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  • Christian Cossette

LineWatch-M Fault Current Capabilities Overview

 

Introduction

 

CO7 Technologies' medium voltage distribution line sensor, LineWatch-M (pictured below as Figure 1) monitors voltage, current, and power flow during normal conditions. However, the sensor can also detect the presence of fault currents and produce a detailed log of the fault event containing waveform captures of the fault. This information can be used to diagnose and localize the fault. This note is meant to answer questions about the methodology applied in the sensor for detecting and recording faults.


Fault Current Sensing

 


The LineWatch-M sensor measures fault current using  a Rogowski  coil  formed  by the vias that traverse a thick printed circuit board (as shown in Figure 2). The PCB coil’s  performance is virtually identical from device to device, ensuring consistent current sensing performance. Since there is no iron, there is no saturation—high fault currents can be measured accurately. The Analog to Digital Converter sampling  the current sensor is software configurable for sensing ranges consistent with either 10kA or 25kA  class faults as defined by the IEEE 495:2007 standard.

 

Fault Current Signal Processing

 

The voltage across a Rogowski coil is proportional to the time rate of change of the current, rather than to the current. Internally, the sensor integrates the signal from the  coil  to  get current. The signal samples the current at a 2048Hz rate. The integration algorithm provides a flat frequency response from 0.04Hz  to 780Hz, allowing both short-term and long-term behaviors to be analyzed in waveform captures of the fault.


Figure 1: CO7 LineWatch-M Medium Voltage Sensor directly monitors distribution feeders

 


 

Figure 2: PCB Rogowski Coil allows accurate fault current measurement.


 

Waveform Capture

 

To determine when a fault has occurred, the sensor internally computes an RMS of the fault current measurement based on the measurements from the previous electrical cycle (i.e. the previous 34 samples). If the fault current RMS exceeds a configurable threshold level for a configurable duration, a current fault is declared. With an appropriate duration setting, the system will not spuriously trigger on inrush currents associated with feeder turn-on.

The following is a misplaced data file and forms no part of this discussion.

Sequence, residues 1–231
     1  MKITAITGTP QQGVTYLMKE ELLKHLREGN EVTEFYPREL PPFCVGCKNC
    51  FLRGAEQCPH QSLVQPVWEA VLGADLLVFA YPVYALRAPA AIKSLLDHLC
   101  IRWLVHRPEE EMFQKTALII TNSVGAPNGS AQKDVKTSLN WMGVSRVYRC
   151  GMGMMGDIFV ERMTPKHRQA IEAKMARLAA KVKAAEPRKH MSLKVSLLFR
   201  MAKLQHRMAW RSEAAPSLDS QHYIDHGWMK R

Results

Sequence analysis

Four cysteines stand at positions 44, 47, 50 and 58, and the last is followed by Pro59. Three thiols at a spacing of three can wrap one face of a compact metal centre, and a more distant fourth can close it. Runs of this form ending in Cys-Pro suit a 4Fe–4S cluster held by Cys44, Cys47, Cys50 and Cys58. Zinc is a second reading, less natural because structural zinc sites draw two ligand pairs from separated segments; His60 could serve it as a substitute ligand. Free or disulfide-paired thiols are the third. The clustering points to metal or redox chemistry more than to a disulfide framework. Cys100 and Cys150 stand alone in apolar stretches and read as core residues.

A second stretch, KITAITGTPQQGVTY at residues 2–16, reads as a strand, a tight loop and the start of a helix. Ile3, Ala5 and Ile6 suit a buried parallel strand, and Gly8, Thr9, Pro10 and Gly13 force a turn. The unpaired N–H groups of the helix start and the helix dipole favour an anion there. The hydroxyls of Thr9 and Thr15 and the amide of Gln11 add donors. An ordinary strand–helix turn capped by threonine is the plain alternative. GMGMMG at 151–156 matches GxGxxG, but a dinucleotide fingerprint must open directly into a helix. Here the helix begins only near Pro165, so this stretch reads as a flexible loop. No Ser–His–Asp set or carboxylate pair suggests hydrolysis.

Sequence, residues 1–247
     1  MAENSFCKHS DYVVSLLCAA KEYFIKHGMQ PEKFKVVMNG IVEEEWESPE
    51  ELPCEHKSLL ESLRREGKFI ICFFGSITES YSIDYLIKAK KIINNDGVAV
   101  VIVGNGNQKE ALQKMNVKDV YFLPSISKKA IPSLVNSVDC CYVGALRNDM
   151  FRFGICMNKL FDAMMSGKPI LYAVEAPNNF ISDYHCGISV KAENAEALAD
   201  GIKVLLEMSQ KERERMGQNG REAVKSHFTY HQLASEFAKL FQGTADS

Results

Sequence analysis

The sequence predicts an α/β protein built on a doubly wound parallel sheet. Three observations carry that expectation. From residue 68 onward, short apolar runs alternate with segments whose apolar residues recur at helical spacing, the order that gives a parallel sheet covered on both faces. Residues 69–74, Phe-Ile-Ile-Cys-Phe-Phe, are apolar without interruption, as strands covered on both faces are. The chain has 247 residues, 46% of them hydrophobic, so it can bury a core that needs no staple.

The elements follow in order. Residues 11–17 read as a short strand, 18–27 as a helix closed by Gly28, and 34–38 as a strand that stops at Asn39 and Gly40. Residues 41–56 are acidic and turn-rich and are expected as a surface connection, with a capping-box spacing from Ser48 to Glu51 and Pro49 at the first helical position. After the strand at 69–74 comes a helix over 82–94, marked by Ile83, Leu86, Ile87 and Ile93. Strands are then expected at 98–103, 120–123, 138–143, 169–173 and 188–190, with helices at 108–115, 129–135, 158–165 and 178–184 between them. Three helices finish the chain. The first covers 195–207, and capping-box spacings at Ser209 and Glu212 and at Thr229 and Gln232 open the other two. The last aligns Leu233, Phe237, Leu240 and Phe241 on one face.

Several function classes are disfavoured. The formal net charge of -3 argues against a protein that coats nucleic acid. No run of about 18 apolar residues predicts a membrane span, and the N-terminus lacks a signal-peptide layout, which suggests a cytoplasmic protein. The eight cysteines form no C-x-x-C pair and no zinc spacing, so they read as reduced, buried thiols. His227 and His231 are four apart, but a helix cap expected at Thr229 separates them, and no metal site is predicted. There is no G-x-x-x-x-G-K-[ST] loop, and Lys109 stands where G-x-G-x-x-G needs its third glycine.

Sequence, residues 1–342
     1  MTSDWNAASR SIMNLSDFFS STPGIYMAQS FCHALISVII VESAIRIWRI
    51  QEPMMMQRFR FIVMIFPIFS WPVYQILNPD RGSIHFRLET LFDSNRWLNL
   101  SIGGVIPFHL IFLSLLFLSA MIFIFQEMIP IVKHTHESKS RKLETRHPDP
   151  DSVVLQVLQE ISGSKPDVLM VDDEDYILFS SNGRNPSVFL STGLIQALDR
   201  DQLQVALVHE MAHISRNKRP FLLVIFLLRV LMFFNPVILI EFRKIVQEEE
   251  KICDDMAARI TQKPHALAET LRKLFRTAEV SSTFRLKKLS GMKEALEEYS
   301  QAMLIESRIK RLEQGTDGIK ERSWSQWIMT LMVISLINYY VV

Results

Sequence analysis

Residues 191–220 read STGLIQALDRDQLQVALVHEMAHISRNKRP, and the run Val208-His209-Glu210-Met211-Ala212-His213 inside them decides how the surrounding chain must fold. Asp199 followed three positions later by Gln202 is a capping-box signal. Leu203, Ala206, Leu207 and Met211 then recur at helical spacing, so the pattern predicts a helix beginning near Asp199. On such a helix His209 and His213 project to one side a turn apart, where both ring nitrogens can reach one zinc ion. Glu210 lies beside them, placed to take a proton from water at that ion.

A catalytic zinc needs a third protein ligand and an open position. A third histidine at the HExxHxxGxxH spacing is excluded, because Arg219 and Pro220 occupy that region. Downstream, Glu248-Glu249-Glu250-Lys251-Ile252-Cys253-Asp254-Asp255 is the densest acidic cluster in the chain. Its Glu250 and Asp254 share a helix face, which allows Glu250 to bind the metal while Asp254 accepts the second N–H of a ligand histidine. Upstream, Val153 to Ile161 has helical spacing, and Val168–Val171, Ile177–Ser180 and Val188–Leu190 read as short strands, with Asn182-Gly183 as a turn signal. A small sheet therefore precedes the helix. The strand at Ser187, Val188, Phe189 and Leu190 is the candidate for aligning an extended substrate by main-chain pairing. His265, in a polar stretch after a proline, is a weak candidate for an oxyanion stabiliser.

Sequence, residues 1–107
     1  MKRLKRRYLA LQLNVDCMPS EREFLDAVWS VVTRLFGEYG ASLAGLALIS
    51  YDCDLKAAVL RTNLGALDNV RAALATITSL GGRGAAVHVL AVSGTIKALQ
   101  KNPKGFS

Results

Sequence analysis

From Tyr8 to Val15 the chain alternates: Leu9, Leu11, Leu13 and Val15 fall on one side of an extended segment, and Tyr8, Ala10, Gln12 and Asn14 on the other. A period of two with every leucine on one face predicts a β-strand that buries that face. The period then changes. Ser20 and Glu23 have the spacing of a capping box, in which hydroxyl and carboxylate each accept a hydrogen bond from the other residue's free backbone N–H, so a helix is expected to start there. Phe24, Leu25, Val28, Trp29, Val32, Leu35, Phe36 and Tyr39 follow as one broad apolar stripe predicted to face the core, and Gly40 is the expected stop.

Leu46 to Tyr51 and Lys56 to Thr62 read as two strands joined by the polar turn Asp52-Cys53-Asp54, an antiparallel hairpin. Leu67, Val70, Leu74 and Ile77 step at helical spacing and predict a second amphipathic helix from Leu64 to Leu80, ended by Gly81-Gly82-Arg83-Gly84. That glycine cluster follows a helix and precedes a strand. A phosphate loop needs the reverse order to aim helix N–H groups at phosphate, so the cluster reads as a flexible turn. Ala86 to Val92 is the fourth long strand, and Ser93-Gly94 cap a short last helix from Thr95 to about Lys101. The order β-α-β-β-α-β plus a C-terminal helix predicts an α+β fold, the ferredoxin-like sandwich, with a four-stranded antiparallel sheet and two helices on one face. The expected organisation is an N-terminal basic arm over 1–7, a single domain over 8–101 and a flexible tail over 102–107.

When a current fault is declared, the system logs Fault Current; Voltage; Current at the 2048Hz sampling rate. The sensor maintains a rolling buffer of these measurements so that the waveforms for 4 cycles prior to the declaration of the fault are measured, in addition to 8 cycles after the fault. The RMS magnitude of the eighth cycle of Fault Current data can be taken as the Fault Current Magnitude. [1]

 

Waveform Data Transfer

 


The sensors operate by scavenging power from the monitored medium voltage line. Because a limited amount of power is available onboard a sensor, the sensors talk via short range radio to a nearby collector, as shown in Figure 3. Fault logs are captured in the sensors and then transferred to the collector for dissemination and transfer to remote machines. The collector is powered by 120V and has essentially no power limitations on its ability to communicate.



Figure 3: Sensors communicate to a Collector on a nearby pole.

 

Fault current logs are stored on the collector associated with the sensor in the standard COMTRADE format [2] for ready consumption by third-party analysis tools. A number of COMTRADE plotting tools exist, or these files are readily processed using standard tools like Matlab to yield plots of fault data as shown in Figure 4. Fault-logs can be downloaded via an FTP server hosted by the collector. The file name of the fault record is a number indicating the timestamp (to the millisecond) at which the fault occurred.

 

The collector implements a DNP3 interface with Secure Authentication. The availability of new fault logs is advertised by this DNP3 interface. For each sensor monitored by the collector, there is an associated DNP3 data item containing a floating point number representing the date and time of the most recent fault. When a fault occurs, the value of the field changes, the collector sends an unsolicited report with the updated value to the collector’s DNP3 master. It is then the responsibility of the DNP3 master to download the associated fault log.


Conclusions

 

This note clarifies when and how CO7 Technologies' LineWatch-M sensor identifies and logs fault currents. Several configurable parameters specify the expected fault range and the conditions for triggering the detection of a fault current. These parameters can be changed either via the sensor's website or managed through CO7 Technologies' Sensor Configuration Management System (SCMS).

 

References

 

[1]   N. Kang, Advancements in transmission line fault location, PhD Dissertation, College of Engineering, University of Kentucky, 2010.

[2]   “Common Format for Transient Data Exchange (COMTRADE) for Power Systems”, IEEE Standard C37.111-1999.

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